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Calorie Tracking: Is It Helping Or Hurting Your Ability To Reach Your Health Goals?

Personal trainers and weight loss specialists love food tracking. Knowing what you’re eating and how much of what you’re eating can be helpful for sure. 

However, what if it was doing more harm than good? What if it was setting you up for short-term success but long-term failure? What if it’s leading you down the path of disordered eating that could require years of therapy to work through? 

As a health coach for the past 10 years, and a former chronic dieter and overexerciser before that, I have a pretty strong opinion on the role food tracking plays. I’m not completely against it but I do believe it’s a health tool that is often used incorrectly and doing more harm than good. When you understand all of the facets of weight loss and weight gain, and what it takes to not only reach a healthy weight but maintain it once you get there, I think you’ll see where I’m coming from. 


I’m a recovering former chronic dieter. In my teens and early 20’s all I wanted was to be thin. I tracked all of my calories, overexercised and it was only a good day if I had enough willpower to eat the insanely low amount of calories I was told to eat to lose weight. I would be really good about tracking everything for a while, and then always eventually stop tracking because I wanted to just live life without worry. 

It was miserable. I hated my body. I had an unhealthy relationship with food. Even with meeting way too low of calories to build and maintain muscle, if I didn’t lose what my trainer thought I should I would get talked to about my diet and ways to eat even less…even though I was already starving. When I realized that this was an awful way to live, I then started my quest for just how to be healthy.  

All of this being said, I don’t think it’s evil or unnecessary. As with everything, it has its place when used correctly. 


Food tracking is not an exact science for 99% of us.

Most people underestimate how much they eat and overestimate how much physical activity they do in a day. Unless you are weighing literally everything you’re consuming, it’s really just a guesstimate. A guesstimate isn’t a bad thing….if you’re looking at it through the right lens. But so often, that isn’t the case.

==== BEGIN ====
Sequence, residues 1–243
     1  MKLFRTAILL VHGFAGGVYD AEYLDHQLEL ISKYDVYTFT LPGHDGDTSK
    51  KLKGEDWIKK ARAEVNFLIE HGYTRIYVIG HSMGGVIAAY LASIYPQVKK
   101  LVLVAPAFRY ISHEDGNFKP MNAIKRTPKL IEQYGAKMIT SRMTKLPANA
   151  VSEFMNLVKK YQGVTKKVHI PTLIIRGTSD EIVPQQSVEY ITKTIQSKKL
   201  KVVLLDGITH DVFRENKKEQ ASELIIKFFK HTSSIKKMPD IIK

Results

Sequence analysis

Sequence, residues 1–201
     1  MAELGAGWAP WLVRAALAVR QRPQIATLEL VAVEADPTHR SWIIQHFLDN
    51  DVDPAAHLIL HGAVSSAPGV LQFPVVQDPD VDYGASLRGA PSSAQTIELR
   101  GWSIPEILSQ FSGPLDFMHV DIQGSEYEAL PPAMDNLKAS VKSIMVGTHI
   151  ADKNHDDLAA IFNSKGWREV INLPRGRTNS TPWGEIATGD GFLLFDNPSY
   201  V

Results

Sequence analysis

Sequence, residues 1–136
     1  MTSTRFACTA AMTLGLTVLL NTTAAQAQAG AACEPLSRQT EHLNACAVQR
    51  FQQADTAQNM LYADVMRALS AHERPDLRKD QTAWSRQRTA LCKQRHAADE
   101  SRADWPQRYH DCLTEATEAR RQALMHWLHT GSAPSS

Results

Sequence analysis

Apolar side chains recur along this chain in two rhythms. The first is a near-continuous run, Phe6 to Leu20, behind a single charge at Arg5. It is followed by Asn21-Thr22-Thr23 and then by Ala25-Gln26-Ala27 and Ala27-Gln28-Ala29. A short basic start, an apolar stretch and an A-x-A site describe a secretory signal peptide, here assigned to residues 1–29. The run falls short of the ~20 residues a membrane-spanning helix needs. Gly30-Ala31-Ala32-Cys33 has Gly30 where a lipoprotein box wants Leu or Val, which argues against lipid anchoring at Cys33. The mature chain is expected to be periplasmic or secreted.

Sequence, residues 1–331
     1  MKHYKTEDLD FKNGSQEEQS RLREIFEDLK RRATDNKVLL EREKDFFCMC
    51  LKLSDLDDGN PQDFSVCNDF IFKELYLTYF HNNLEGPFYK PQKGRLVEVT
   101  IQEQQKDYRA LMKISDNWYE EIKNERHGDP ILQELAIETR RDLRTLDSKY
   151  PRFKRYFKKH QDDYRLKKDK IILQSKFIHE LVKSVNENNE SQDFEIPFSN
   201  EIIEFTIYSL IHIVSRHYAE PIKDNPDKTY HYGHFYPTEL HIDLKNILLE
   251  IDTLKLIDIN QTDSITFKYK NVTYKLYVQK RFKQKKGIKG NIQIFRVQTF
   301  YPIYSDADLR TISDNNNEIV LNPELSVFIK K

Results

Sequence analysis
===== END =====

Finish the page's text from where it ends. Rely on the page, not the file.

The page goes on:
Most trackers do not track nutrient intake and people think they are eating healthy because what they are eating fits in a certain number, but in reality, they are consuming very little nutrients and it’s harming their health.

I know this because I see the food journals and people think that slim bars, sugar free drinks, and whole wheat pasta with very few vegetables, fruits, or healthy fats is a healthy way of eating. So yes, they are keeping their calories low but they are starving their bodies of the fuel it needs to run effectively and keep them healthy. 

It’s easy to become obsessed and tie your value or self-worth to the number that comes up at the end of the day.

The very first trainer I hired told me at my height, to lose the weight I wanted to lose, I could only consume 1200 calories per day and needed to work out an hour a day 4-5 days a week. You guys…I was starving 24/7. I would nibble on my meals and draw them out so that I would keep the hunger to a minimum, but I was never not hungry. When I would finally give in and eat, I felt like I was sabotaging my weight loss and would be so angry at my lack of willpower. Did I lose weight? For sure. But when that trainer moved on and I hired a new one who told me I should be eating 1700-1900 calories per day to be able to maintain my muscle mass and not harm my thyroid I actually lost more weight and did gain more muscle and it was easy to do so I wasn’t hating myself every day.

It can easily lead to disordered eating.

I cannot tell you how many people I’ve worked with who are terrified of food. Terrified of eating the “wrong” thing, even it’s healthy, they’re terrified it’s going to hurt them in some way. Sometimes it’s so severe that I have to ask them to hire an therapist who specializes in disordered eating because that’s beyond my skillset. It’s heartbreaking and it’s happens way too often.